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SYDNEY — As rescue and recovery moved into a second night in New Zealand following Tuesday’s devastating earthquake in Christchurch, Peter Jackson and The Hobbit production have offered any practical assistance they can to their fellow New Zealanders and others affected by the tragedy, while others in the industry are starting to galvanise for fundraising efforts.
In a statement to The Hollywood Reporter Jackson said that “everyone involved in the production of The Hobbit is shocked and saddened by the earthquake and it’s devastating aftermath.
He said that several of the films actors and crew come from Christchurch and “we are doing all we can to support them.”
In addition he said the production has been in contact with the NZ Ministry of Civil Defence and Emergency Management,” to offer practical assistance and stands ready to help in any way we can.”
“Our thoughts and prayers are with the people of Christchurch and all those affected by this terrible tragedy.’ he said.
The Ministry Wednesday declared New Zealand to be in a national state of emergency as local rescue teams were joined by teams from Australia, the U.S., Japan and Canada amongst others, searching for survivors beneath the rubble of Christchurch. Australia has sent its largest ever contingent of peace time emergency personnel to assist in rescue and recovery efforts.
The official death toll has risen to 75, with at least 300 listed as missing and 1350 unaccounted for.
In one instance local media reported that there could be 100 people who have not survived in the collapse of the CTV building, which housed the local TV station Canterbury Television. That six-story building concertined into one story, and after the building caught fire Wednesday rescuers were told to abandon the site as there was no hope of finding survivors.
“This particular site, CTV site, had a number of overseas students in it and my heart goes out to those families that are away knowing that some of their children, family have probably been killed in this incident,” police operations commander Dave Lawry said of the Canterbury TV building.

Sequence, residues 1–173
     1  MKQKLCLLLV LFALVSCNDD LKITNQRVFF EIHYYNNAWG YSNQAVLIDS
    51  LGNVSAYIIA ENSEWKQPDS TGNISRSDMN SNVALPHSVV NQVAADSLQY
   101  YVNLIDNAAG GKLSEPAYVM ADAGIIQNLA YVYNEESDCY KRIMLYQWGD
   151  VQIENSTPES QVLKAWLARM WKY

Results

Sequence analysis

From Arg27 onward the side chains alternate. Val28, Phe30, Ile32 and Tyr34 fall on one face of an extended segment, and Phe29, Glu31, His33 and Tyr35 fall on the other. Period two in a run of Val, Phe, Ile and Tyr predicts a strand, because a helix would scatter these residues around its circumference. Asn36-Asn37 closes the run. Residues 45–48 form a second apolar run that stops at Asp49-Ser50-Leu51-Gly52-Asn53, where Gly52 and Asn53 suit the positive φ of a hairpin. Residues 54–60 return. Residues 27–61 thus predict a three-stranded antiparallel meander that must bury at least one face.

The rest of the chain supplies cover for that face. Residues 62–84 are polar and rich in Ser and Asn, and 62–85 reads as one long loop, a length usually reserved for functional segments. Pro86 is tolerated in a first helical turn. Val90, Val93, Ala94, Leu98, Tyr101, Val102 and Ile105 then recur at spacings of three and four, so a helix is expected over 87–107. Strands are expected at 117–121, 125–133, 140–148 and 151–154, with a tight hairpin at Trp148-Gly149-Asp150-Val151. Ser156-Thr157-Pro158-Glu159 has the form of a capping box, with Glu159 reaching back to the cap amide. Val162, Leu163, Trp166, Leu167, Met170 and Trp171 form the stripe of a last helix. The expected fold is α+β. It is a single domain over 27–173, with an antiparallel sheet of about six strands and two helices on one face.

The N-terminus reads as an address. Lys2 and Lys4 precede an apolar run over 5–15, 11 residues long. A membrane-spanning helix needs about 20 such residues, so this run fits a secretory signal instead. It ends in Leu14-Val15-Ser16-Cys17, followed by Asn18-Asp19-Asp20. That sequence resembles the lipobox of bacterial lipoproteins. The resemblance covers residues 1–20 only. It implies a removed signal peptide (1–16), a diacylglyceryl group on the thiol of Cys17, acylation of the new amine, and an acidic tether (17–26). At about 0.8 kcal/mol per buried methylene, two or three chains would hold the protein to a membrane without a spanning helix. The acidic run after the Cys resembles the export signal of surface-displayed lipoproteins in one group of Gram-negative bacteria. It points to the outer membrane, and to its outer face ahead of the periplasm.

“The situation is that we don’t believe this site is now survivable,” he added.
At least 24 people were rescued from the site before it was abandoned.
At the same time many New Zealanders and foreigners were preparing to be evacuated Wednesday from Christchurch to other New Zealand cities including Wellington where The Hobbit and Jackson’s film businesses are headquartered.
At least 1000 people were displaced in Christchurch on the first night after the magnitude 6.3 earthquake, water and power are now unavailable to up to 60% of the city and all hospitals in and around the Canterbury region are reportedly full.
A spokeswoman at Weta Workshop told The Hollywood Reporter Wednesday that its crew are offering support to those affected by donations to the Earthquake Relief Fund and clothing for those evacuated into Wellington tonight.
“Of course all affected in Canterbury are in our thoughts and we wish we could do more,” she said.
Also Wednesday Sydney-based New Zealand production outfit, the Handsomity Institute, launched a new episode of their cult animation hit Beached Az on YouTube, calling for donations to the NZ Red Cross.
British comedian Stephen Fry also tweeted a link to the Red Cross, so followers can donate to relief efforts, but that might have had the opposite effect. The NZ Red Cross website crashed twice Wednesday under the demand of people wanting to make donations.
Celebrities elsewhere have also taken to twitter to offer messages of support.
In a post Joel Madden writes, “Sending prayers out to everyone in Christchurch. Beautiful place and great people. Thoughts & prayers with you guys in NZ. God bless!” while singer Josh Groban said, “Sending my love to my friends in New Zealand…quite the frightening quake they’ve experienced.”
Justin Bieber tweeted Tuesday, “My prayers go out tonight to the people of New Zealand. God bless,” while guitarist Slash added, “Our thoughts & prayers go out to everybody in Christchurch.”
Agency Film New Zealand also extended it sympathies to those in the region.
“The agency joins all New Zealanders and others around the world in extending its heartfelt sympathies to those affected by yesterday’s tragic earthquake in Christchurch,” CEO Gisella Carr said in a statement.
She said it is devastating to see the terrible loss of life and the destruction of much of the heart of the South Island’s biggest city.
“In response to enquiries, we are not aware of any international film or television productions occurring within New Zealand that have been affected by the earthquake as they are all occurring away from the Canterbury region impacted by the disaster.”
“Our thoughts are with those who have lost loved ones, and for Cantabrians whose lives have been reshaped in such a shocking way by yesterday’s quake.”
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